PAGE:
With Miss Freya Stark, who writes about Barbados on another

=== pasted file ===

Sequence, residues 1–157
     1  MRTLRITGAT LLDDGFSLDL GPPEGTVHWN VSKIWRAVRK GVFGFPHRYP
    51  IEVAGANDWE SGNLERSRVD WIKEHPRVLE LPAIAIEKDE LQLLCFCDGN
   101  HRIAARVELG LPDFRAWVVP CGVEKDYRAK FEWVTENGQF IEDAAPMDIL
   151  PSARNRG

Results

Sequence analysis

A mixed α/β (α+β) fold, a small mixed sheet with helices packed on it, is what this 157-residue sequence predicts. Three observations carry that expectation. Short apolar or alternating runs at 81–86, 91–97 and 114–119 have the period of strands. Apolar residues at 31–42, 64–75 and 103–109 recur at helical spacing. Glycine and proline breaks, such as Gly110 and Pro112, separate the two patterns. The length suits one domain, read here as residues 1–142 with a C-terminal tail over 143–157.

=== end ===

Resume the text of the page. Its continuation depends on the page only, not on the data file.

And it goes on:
page, I once went flying-fish-fishing off the coral shores of that island. Flying-fish, though for some reason they will only keep for a matter of hours after they have been caught, are extremely good eating. The natives go after them in heavy keel-less sailing boats which are trimmed by shifting pig-iron from one side of the well to another. Arrived at what for no discoverable reason they consider a good fishing-ground, the boatmen unstep the mast, whose shadow, sweeping the water as the boat rolls, would otherwise scare the fish away. They then suspend over the gunwale a wicker-work container full of bait, which consists of putrescent relics from yesterday's catch. This is jiggled to and fro in an enticing manner and eventually attracts the flying-fish, who swim up, sometimes in large numbers, and are scooped inboard with the aid of a sort of large lacrosse-stick. The incessant rolling of the boat, the blazing sun, the stench of rotten fish and the probability that one or more of your toes will be crushed while shifting ballast are factors which make it unlikely that this leisurely sport will attain a wide measure of popularity, and indeed we were told that no other white people had ever taken part in it. But it was quite fun.